Disabled Staff & Faculty Coalition


The Disabled Staff and Faculty Coalition* is an affinity group that creates community for all disabled staff and faculty at the University of Arizona by holding events, meetups, and social activities on campus throughout the year. We provide a unified voice for disabled faculty and staff in order to:​

Create opportunities for disabled faculty and staff to gather with peers, have a place where disability is not the “other”, and create a community of connection and belonging​

  • Promote an environment of access, inclusion, and equity for all disabled populations of faculty, staff, and visitors​
  • Provide models of access, advocacy, and inclusion for disabled students
  • Increasing understanding of disability culture and communities and their significance


*Our coalition is a space for all disabled staff and faculty, this includes D/deaf, neurodivergent, chronically ill individuals; those with sensory, psychiatric, cognitive, intellectual, developmental, and physical disabilities; and those seeking mental health care and support. You do not need to be registered with DRC or have medical documentation to join.

For more information or to join our Listserv, please contact sschlauderaff@arizona.edu 



Spring Disability Studies Courses

University of Arizona undergraduate students interested in taking Disability Studies courses for the Spring 2024 semester - please check out the following course offerings. The Disability Studies Initiative at the University of Arizona is working to compile and highlight Disability Studies courses on campus, and to develop ways for students to further explore and engage with Disability Studies, Critical Disability Studies, Deaf Studies, Mad Studies, Crip Theory, and Disability Justice. 


HNRS 195H-010: Where Do I Fit In? Disabled Bodies, Narratives and Depictions

Taught by Dani Lucchese, M.A. 

Thursdays 1:00 PM - 1:50 PM, in-person. 

"Utilizing frameworks of disability studies and disability justice, students would engage with texts, concepts and activities that challenge their perceptions around disability, access and justice."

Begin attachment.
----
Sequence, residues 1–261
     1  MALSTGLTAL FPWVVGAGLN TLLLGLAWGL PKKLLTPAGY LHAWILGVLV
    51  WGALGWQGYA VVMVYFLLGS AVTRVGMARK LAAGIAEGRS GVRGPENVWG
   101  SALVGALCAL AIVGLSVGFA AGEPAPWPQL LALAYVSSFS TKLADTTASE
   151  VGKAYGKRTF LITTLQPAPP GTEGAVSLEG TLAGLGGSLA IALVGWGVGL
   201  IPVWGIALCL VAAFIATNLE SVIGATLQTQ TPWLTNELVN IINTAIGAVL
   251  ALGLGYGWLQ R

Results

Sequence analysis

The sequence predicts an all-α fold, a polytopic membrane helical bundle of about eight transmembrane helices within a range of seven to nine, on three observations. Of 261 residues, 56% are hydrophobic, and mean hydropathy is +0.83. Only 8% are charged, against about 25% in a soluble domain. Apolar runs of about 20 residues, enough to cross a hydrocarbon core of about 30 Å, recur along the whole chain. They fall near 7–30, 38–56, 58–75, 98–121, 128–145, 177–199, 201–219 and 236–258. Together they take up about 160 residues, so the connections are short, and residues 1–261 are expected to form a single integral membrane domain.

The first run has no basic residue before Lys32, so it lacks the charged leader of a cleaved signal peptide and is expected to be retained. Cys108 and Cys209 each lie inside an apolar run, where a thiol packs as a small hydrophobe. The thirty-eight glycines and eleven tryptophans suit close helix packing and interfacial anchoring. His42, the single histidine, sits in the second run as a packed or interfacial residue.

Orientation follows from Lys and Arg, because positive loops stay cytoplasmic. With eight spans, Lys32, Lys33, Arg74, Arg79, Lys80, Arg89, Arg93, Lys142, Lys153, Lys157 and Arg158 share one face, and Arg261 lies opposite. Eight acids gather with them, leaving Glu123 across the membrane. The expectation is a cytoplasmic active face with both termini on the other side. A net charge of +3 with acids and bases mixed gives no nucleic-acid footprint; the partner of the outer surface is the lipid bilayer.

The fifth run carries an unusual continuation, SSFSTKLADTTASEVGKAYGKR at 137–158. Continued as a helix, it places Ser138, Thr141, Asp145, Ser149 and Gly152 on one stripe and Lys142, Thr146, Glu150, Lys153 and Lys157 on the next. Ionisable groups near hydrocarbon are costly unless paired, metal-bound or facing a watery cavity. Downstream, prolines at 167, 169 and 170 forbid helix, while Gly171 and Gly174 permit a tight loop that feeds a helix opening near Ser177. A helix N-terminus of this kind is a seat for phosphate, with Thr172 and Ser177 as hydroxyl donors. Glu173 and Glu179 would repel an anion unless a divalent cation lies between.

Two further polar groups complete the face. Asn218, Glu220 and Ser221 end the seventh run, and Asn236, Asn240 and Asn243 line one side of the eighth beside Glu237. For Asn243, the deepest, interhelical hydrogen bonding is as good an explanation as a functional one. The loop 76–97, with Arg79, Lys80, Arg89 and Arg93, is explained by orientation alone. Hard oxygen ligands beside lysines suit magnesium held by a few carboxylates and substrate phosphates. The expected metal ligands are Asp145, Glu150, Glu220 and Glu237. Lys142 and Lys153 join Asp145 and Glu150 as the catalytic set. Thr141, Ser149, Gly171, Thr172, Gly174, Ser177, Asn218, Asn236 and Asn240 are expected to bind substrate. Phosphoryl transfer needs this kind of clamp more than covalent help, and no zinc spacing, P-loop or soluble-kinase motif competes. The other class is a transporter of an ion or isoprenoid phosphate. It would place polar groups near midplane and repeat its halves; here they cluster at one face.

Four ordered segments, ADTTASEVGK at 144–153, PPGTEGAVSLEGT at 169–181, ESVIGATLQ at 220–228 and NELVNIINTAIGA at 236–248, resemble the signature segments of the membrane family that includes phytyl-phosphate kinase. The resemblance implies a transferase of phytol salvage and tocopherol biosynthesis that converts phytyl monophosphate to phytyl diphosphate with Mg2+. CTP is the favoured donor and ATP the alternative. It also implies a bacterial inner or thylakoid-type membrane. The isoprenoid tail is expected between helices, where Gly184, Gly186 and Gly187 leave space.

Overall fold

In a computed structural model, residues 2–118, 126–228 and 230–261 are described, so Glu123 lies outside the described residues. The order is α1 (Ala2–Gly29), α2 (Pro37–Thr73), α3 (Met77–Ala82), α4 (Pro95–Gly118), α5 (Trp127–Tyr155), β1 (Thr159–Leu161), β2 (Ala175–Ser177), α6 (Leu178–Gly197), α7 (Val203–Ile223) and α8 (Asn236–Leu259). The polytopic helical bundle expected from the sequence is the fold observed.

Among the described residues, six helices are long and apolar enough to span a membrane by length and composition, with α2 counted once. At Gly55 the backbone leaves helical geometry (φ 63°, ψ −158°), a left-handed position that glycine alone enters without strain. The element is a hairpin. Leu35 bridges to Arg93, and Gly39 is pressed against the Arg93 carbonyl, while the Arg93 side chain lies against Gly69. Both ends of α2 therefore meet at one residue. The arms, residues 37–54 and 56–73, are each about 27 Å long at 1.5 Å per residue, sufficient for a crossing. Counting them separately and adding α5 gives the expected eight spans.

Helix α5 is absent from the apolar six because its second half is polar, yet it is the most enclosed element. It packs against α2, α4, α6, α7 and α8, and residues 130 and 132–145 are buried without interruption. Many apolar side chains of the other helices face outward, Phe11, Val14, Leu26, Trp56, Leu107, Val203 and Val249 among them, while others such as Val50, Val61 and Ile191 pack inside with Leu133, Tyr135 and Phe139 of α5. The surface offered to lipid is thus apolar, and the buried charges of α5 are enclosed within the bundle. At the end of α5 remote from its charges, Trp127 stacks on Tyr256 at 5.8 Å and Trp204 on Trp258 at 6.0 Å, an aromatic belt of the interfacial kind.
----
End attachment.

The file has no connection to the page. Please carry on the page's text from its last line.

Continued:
HNRS 195J-003: Beyond a Diagnosis: Exploring Disability Identity, Culture, and Community

Taught by Sav Schlauderaff, M.A. 

Tuesdays 1:00-1:50PM, in-person.

"Drawing from the Disability Rights movement organizing slogan “Nothing About Us Without Us” - this honors seminar aims to break down the stigma around disability through engaging with materials written and created by disabled people. Moreover, this course will be taught by a disabled instructor. Students will learn more about disability identity, explore their own lived experiences through self-reflection activities, and break down concepts such as ableism, intersectionality, and accessibility."


ANTH/FCM 496E/596E: Disability & Society

Taught by Austin Duncan, Ph.D. 

Tuesday & Thursday 1:00-2:30pm, in-person. 

"Over 15% of the US and world populations are disabled/have disabilities. How do their bodily and mental conditions affect their health, social relations, and daily lives? What role do clinical and social treatments play in them? This course will help students develop an understanding of the meanings that disabilities and bodily impairments hold in contemporary society and how society, politics, and medicine in turn impact the lives of the disabled. It will explore core theoretical principles and debates in Disability Studies and relevant social science disciplines along with practical studies of how disability is both produced in and shaped by policies, social structures, and relations. Students will use these concepts in a capstone project that analyzes and makes recommendations to improve disability accommodations and services in the community. The knowledge they gain form this course will aid any professional or personal interactions students will have with disabled friends, colleagues, and clients in their future careers." 


FCM/HPS 408/508: Disability in Public Health

Taught by Brandy James, Ph.D. 

Tuesday & Thursday 3:00-4:15pm, in-person. 

"This course will give an overview of the world of disability and the many factors impacting social determinants of health and quality of life outcomes. Students will gain an experiential exposure to a wide variety of disabilities spanning from early childhood to aging including those developed at birth and acquired at other times in one's life. Discussion will focus on changing perceptions of disability throughout society and across different cultures emphasizing influences that change how treatment and attitudes towards disability have changed in some societies and not others. Key transitions through the life course across multiple domains such as health, education, independent living, and employment will be highlighted. Current health issues and disparities such as with COVID-19 will be presented. Students will engage in group discussions and practical assignments related to readings and topical events that often will include people with disabilities. The course will highlight a strengths-based perspective within the context of disability and public health." 


SERP 414: Introduction to Disability Studies. 

Taught by Sue Kroeger, Ph.D. Online. 

"Overview of disability studies; privilege and oppression; disability models & concepts; historical and current perspectives; the lived experience; service delivery practices." 


SERP 416: Disability Perspectives & Narratives. 

Taught by Sue Kroeger, Ph.D. Online.

"Exploration of the disability lived experience and societal perspectives and their impact; key concepts include ableism, normalcy, language, identity, intrinsic/extrinsic barriers, access, inclusion."